We head out through Issaquah to the second climb, Highlands drive. There's a bike path off to the side of this road that I expected to use, but instead we have a lane to ourselves as we climb up. On the way up, I converse with a course marshal, and we try to decide who is more foolish - me for having paid to do this, or him for having volunteered. The question is unresolved when I ride off ahead. This climb is a step up from Tiger in steepness, but not as long.
Once again, I feel a little better on the climb than the flat. We descend back to East Lake Sammamish and head north on the drying road. I do a small amount of gentle pacelining here with another rider (thanks Sean (or Shawn (or Shaun))), and we end up collecting about 10 people. Just north of Inglewood we get passed by two triathletes (aero bars and seat bottle holders), who move in front and then ride 2MPH slower than we were leading the paceline. Side by side. If I felt better, I might attempt a bit of paceline education, but I just hang back.
5 minutes later, we're at the next stop (which I should have been calling "Power-stops", since they're sponsored by power-bar. I understand that they sponsor the ride and Armstrong, but the classic powerbar is so 1983, and I don't know many people who consider them edible, much less desirable), you have the choice of the usual. I eat a package of cheeseriffic crackers, refill my bottles, switch batteries on the camera, and catch these two fellows taking a break:
The next section is West Lake Sammamish. It's the easiest way to get to the south end of the lake, but once you get into Bellevue, the pavement really, really sucks. So bad that I want to apologize to all the riders that go by. There are better ways with a bit more climbing, but this is the one we're on, so I just let it suck.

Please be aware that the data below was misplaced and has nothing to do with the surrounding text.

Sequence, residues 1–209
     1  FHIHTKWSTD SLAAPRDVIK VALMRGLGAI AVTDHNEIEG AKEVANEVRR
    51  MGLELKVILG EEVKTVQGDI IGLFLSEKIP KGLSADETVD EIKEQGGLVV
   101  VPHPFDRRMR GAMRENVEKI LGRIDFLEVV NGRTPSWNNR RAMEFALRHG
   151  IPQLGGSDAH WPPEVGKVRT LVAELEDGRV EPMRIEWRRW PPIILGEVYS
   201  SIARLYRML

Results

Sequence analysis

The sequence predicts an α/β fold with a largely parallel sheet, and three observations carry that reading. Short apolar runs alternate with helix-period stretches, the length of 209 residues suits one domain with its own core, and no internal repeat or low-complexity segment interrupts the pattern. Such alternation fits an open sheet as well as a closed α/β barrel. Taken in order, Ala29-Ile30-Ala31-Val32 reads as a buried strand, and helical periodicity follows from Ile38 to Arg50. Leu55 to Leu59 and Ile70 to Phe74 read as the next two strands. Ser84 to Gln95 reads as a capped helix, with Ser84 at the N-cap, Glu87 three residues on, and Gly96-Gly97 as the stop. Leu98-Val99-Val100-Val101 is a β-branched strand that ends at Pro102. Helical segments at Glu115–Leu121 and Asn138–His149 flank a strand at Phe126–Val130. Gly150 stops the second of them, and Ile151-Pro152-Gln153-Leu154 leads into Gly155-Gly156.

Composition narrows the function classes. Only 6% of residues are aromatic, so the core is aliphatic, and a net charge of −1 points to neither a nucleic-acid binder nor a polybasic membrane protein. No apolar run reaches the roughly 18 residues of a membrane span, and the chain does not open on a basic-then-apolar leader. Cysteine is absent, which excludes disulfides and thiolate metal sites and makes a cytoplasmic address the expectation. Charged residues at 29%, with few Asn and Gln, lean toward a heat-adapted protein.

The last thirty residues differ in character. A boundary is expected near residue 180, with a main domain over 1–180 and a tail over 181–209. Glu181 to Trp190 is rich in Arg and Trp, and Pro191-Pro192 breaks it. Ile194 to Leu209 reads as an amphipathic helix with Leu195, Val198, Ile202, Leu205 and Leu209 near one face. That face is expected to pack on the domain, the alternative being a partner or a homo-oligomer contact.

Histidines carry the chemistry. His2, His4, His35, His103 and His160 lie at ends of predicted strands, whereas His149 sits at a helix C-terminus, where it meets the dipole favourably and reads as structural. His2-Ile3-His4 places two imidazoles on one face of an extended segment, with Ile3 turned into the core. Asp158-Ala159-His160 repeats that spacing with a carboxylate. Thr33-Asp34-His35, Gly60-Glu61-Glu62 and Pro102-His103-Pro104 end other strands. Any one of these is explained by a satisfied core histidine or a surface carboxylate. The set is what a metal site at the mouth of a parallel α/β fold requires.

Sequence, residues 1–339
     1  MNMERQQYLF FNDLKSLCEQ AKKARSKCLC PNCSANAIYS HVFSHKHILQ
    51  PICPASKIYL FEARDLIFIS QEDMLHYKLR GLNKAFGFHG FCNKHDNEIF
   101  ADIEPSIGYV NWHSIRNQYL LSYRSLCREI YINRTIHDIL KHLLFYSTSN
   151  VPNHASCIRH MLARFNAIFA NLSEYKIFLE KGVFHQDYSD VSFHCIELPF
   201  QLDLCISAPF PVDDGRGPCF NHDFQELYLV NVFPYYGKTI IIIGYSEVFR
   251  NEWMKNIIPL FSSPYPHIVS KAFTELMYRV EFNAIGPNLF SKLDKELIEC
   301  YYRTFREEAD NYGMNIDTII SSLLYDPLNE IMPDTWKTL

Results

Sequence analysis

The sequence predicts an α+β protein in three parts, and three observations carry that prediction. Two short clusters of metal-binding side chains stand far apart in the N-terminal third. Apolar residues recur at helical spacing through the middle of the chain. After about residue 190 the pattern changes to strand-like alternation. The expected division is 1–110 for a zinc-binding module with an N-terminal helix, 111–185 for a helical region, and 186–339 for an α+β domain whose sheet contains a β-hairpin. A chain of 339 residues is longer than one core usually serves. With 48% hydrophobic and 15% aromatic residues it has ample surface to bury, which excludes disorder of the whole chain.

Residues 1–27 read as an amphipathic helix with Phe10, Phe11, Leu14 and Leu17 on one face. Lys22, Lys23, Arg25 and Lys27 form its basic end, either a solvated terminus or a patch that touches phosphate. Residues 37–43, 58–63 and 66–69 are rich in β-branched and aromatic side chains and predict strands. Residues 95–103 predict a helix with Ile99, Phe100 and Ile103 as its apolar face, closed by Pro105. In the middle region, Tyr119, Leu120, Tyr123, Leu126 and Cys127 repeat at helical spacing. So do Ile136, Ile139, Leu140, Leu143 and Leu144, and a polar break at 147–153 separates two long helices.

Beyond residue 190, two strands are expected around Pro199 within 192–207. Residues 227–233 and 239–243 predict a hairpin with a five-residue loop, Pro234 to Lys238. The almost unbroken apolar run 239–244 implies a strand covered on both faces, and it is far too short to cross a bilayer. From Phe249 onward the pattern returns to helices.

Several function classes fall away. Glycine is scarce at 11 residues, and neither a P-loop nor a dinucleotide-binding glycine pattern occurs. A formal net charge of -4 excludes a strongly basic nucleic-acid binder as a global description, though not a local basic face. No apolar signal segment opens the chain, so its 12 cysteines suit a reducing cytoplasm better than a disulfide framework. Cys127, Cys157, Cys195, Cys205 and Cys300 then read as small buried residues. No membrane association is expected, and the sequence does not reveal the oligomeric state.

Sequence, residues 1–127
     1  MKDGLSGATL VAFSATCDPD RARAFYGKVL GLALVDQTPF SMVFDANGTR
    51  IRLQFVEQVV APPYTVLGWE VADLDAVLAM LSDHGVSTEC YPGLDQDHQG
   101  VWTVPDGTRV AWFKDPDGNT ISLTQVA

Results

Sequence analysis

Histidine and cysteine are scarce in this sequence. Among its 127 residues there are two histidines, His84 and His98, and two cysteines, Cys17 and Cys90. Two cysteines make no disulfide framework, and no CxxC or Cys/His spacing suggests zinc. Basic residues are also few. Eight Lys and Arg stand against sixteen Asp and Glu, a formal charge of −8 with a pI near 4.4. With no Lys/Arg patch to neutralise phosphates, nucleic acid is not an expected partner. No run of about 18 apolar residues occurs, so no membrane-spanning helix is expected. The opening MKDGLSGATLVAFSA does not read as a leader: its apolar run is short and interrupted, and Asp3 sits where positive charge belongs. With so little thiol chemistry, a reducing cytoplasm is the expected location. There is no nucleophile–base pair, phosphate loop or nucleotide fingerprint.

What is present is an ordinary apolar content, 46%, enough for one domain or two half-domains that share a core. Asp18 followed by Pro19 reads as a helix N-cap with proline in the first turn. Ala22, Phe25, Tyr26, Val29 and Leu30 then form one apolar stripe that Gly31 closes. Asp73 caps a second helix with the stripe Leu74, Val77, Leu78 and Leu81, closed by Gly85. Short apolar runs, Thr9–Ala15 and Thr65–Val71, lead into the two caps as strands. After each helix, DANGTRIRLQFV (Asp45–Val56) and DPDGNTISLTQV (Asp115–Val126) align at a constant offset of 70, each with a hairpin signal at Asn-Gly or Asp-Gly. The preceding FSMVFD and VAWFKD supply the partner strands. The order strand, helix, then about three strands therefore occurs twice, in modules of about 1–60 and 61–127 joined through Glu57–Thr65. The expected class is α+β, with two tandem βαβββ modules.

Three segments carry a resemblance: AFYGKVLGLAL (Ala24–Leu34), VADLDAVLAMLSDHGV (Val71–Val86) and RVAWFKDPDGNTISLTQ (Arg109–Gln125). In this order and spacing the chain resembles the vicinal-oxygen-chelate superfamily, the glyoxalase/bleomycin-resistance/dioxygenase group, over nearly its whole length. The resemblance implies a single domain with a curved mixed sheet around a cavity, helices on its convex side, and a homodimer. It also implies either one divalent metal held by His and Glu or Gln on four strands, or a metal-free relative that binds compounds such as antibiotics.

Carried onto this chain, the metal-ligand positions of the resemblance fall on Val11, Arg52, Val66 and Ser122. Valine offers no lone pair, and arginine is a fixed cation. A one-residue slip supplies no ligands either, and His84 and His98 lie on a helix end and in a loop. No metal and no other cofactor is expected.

With how I feel it's really, really tempting to turn to the west and ride the 1/2 mile to my house, but the whole point of doing this is for the challenge, so I hang in there.
Eventually, we get to the base of the climb. Note the little arrow on the sign, which simply points up, 'cause that's where you're going. This first part is perhaps 10%, but then it flattens out a bit. Then...
you turn the corner and are greeted with this. That run-up section is around 8%, and the section where it kicks up is quite a bit more. Feels like 13-14% to me. I'm doing okay - my heart rate is in the low 140s, just above my lactic threshold, but I feel hungry.
That is bad. Exercise suppresses hunger, and my experience is that if I'm hungry on the bike I'm pretty close to bonking. But nothing to do but keep climbing, and note that my legs really, really hurt.
After the next corner I pass a guy - which takes forever when you're only riding at 5MPH, and then come on this:
The front rider is a kid (10 years old, I'll find out later) riding with his dad. His dad gives him a push now and then, but they make it to the top without stopping. That's some serious chops for that age, and they're doing the 70 mile ride.
Finally, the road turns to the right, and you hit the steepest section. If you are climbing at the limit, your brain isn't getting enough oxygen, and you might see the purple tunnel that Elden has told me about. Or, you might see this:
I thought I heard something about "25 meters to the top", but I think it was probably a hallucination. Not only is there another pitch left, but seriously, who in the US would say "meters"?
I briefly drop below 4MPH at this spot.
We top out the climb, descend 100', and then have to earn it back again up Lakemont. I'm barely holding on, but I ride down the south descent (with a surprising "control speed" sign, not really an issue on this route), do the short climb, and then thankfully see this:
All the stops have had tons of volunteers, and here they clearly don't have enough to do, since the 4 in the foreground are holding up bikes for riders who are taking a break. I politely decline, since I really need to sit down and I don't want to leave somebody standing for 20 minutes while I rest.
I'm having food fatigue from the accelerade, so I get some trail mix, another packet of orange-filled crackers, and sit in the sun, stretch, and talk with other riders.
After a while, I feel much better. I turn the camera off because there's really nothing to see on this section, and because there are reports of thunder.